- Death-related expenses if you lost a loved one because of a misdiagnosis, including funeral and burial expenses, cremation expenses, and probate expenses.
Sometimes referred to as general damages, non-economic damages do not have a monetary value and include:
- Pain and suffering, including emotional distress.
- Loss of quality of life if you have to make life-long changes, such as taking prescription medications or using ambulatory aids for the rest of your life.
- Loss of companionship if you can no longer enjoy spending time with your family or attending family activities and events.
- Loss of consortium if you can no longer enjoy a physical relationship with your spouse.
- Loss of use of a body part, such as an arm or leg.
- Loss of use of a bodily function, such as bladder control or your eyesight. If the misdiagnosis is cancer, it could spread to various organs, thus preventing them from working properly—or at all.
- Inconvenience if you have to hire someone to do the chores you usually do, including grocery shopping, lawn maintenance, house cleaning, and home repair and maintenance.
- Excessive scarring and disfigurement. For example, a surgeon amputates the wrong limb.
- Amputation of a digit or limb because of a misdiagnosis.
What Is the Dollar Amount for Various Damages?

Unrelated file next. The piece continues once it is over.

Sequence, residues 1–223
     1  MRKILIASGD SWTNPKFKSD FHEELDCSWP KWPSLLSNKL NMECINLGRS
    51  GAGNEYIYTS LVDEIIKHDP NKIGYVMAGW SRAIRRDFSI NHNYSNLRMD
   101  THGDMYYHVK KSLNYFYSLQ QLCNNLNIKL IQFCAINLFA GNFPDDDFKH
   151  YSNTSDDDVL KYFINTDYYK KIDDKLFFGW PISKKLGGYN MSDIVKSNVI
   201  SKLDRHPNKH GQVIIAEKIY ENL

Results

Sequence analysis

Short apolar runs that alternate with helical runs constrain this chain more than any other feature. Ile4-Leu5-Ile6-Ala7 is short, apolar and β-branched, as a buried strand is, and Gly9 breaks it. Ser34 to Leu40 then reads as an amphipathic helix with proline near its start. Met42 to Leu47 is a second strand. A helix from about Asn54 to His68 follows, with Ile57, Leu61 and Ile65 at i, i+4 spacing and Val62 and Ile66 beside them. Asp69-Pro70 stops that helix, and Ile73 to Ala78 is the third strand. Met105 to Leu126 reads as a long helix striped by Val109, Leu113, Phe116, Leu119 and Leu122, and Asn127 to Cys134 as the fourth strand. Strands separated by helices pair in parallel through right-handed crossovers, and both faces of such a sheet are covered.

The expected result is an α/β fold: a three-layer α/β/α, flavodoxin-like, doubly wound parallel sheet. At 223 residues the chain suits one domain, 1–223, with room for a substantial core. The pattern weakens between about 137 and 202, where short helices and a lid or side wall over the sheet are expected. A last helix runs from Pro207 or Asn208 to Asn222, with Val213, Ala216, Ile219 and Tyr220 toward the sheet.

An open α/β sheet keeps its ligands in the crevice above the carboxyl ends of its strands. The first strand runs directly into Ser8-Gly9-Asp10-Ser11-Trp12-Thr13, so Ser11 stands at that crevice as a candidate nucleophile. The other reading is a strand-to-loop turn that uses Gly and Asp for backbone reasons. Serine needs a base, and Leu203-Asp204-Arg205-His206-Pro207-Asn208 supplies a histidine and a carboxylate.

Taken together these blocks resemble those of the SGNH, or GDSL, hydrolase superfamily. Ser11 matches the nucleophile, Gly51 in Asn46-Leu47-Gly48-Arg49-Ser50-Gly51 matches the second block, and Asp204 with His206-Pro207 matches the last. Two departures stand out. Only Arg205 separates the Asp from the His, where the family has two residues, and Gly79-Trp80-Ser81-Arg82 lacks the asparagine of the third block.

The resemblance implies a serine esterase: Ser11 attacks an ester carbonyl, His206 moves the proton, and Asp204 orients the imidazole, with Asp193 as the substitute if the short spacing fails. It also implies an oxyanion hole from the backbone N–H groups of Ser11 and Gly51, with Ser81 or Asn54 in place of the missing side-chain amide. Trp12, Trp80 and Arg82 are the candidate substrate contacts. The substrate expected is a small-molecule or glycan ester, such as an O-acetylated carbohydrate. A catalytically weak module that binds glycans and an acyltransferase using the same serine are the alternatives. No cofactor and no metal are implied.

No attorney can place a dollar amount on damages for any case until they investigate the case and discuss your losses with experts in the medical field. The compensation you deserve depends on several factors, including the severity of your injuries, the damages your family sustained, and even whether the case settles or goes to court.
In some cases, those who go to court recover more compensation than those that settle; however, there is no guarantee that you will win a court case, even if the medical professional’s insurance offers a settlement.
Your attorney can tell you how much similar cases are worth. Since no case is exactly the same, no lawyer can promise a specific amount.
How Much Does It Cost to Retain a Medical Malpractice Attorney?
Sometimes, people try to handle their own medical malpractice cases because they believe they cannot afford an attorney. However, most medical malpractice attorneys offer free case evaluations. Plus, an Albany medical malpractice attorney usually offers free case evaluations and does not get paid unless you win your misdiagnosis case.